Schumer, Gillibrand Seek Additional PCB Cleanup On Hudson
Senators Charles Schumer and Kirsten Gillibrand are calling on the U.S. Environmental Protection Agency not to declare General Electric’s PCB cleanup on the Hudson River complete.
General Electric wrapped up its dredging work on a 40-mile stretch of the Hudson from Fort Edward to Troy in 2015.
The EPA is due to issue its second five-year review of the Superfund cleanup soon.
But Senators Schumer and Gillibrand are urging the agency not to issue a certificate of completion. The New York Democrats wrote to Acting Administrator Andrew Wheeler, asking EPA to take local concerns into consideration.
In a statement, Senator Schumer said:
“The EPA must work with GE and impacted communities up and down the Hudson to set forth a plan to remove the remaining PCB pollution to protect public health, to preserve the river and to ensure it is a vibrant resource for current and future generations.”
Senator Gillibrand said EPA must wait until more data is gathered on the effectiveness of GE’s dredging. She said in part:
“The agency must listen to the serious concerns that have been raised by local communities, the state, and other federal agencies that have a stake in the long-term health of the Hudson River. Clean water is a right, and we must ensure that we are doing everything possible to fully clean up the Hudson River for future generations.”
DEC Commissioner Basil Seggos says research from New York state over the last two years shows that cleanup work is “far from done.”
“The fact now that we have Congress weighing in on this very important issue for New Yorkers is a significant step forward and we look to working with our federal partners to make sure that the job gets the attention it needs.”
In December, the DEC released a study indicating the cleanup is not protective of health or the environment. The Department collected sediment samples in 2017, showing elevated levels of PCBs remain in surface sediment in the Hudson River. The Department also looked at PCB levels in fish, with studies showing concentrations in fish have been effectively unchanged to levels prior to cleanup.
Also that month, joined by other New York Democrats, Representative Sean Patrick Maloney of the 18th District wrote to Wheeler asking EPA to withhold its Certificate of Completion.
The Representatives wrote:
“It would be unconscionable for EPA to surrender its ability to order additional cleanup action in the face of mounting information indicating that the goals of the cleanup have not been reached and more cleanup is needed. The communities and businesses in our districts situated along the Hudson River that have endured decades of toxic pollution and suffered from the loss of water-based industries deserve better.”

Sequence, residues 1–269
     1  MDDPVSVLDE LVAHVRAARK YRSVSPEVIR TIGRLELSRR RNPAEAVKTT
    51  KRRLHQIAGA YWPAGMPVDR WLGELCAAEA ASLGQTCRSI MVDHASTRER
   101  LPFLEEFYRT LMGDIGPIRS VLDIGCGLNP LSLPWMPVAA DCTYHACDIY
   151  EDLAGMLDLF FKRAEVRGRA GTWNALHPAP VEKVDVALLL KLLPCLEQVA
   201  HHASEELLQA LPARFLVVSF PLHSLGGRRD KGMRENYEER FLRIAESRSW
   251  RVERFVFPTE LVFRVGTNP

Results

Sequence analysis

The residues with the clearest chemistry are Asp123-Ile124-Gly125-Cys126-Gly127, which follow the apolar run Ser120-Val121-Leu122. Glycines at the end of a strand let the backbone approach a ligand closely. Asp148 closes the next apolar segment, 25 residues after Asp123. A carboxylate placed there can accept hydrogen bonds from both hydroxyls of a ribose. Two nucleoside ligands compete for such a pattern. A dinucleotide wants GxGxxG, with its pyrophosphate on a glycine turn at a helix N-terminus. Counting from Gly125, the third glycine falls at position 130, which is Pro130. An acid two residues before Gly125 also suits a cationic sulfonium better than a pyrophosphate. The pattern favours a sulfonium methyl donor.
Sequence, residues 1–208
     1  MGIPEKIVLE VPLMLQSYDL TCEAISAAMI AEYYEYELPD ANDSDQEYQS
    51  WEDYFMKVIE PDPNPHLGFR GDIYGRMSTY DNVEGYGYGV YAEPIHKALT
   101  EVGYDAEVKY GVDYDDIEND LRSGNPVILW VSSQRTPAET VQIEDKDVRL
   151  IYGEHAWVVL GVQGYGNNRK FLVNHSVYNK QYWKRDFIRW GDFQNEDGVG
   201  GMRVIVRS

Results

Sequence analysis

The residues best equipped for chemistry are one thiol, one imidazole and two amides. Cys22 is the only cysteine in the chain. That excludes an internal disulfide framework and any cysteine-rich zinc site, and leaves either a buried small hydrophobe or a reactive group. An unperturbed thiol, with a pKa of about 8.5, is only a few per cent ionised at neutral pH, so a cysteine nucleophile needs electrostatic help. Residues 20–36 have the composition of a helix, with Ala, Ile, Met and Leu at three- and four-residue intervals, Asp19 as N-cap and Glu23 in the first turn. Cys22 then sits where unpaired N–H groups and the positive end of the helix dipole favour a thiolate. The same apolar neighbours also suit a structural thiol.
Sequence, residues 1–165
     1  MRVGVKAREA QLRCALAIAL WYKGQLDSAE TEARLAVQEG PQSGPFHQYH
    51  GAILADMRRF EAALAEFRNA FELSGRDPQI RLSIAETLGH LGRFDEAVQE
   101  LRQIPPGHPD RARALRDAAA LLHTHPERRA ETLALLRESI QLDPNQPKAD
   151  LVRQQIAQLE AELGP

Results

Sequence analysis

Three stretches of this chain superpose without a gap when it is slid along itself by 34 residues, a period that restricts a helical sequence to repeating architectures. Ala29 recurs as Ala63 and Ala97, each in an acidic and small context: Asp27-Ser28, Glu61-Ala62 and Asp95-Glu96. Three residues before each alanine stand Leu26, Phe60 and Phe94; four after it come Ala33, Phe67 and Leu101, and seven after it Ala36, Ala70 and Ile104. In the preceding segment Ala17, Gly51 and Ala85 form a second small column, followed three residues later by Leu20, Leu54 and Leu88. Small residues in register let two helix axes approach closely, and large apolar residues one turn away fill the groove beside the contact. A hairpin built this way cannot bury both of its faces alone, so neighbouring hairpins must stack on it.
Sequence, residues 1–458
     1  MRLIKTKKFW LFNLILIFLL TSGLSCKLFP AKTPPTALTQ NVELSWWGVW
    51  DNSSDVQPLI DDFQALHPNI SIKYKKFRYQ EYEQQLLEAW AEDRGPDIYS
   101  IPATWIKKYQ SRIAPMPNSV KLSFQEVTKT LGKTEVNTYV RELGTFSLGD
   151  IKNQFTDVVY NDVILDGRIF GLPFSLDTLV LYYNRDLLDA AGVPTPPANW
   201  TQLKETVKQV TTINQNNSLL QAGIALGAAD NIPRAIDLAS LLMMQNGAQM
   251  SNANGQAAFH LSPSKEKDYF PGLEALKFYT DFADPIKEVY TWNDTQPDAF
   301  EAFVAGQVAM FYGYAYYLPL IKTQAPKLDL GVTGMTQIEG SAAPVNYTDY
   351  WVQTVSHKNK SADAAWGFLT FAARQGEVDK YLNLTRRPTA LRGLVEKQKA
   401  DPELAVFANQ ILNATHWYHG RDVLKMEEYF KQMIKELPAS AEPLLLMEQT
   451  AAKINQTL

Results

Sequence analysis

Republican Elise Stefanik, of New York’s 21st District, where a portion of the dredging work was performed, did not back the sentiments of Schumer and Gillibrand when interviewed by WAMC Wednesday.
“There are organizations that have advocated on both sides of this issue that I’ve met with and have come to my office and we’re going to keep monitoring that situation,” said Stefanik.
Other Republicans like Dutchess County Executive Marc Molinaro want to see more cleanup.
Mark Behan, a spokesman for General Electric, said:
“The data show conclusively that the Hudson River dredging project is working and will protect the environment as EPA predicted. New York State’s research affirmed that 99.8% of the sediment samples collected from the Upper Hudson achieved the standards set by the EPA. We look forward to the EPA issuing a certification of completion on the dredging project. GE will continue to work with EPA, New York State, local communities and other interested parties on other Hudson River environmental projects.”
EPA had originally planned to release its second five-year review in January 2018, but paused as it continued to work with DEC to understand sediment data.
EPA spokeswoman Larisa Romanowksi said in a statement:
"Our decision will come after exhaustive consultation and collaboration with NYSDEC. The intention of this pause was to ensure that we had the most detailed and robust understanding of the performance of the upper Hudson cleanup following dredging. With that said, we have worked with deliberate speed to look at sediment and fish data to ensure that we have the best possible measure of post dredging conditions prior to issuance of the Five-Year Remedy Review and potential issuance of the Certification of Completion. Our timeline is focused on ensuring that we have done a thorough analysis with our state partners."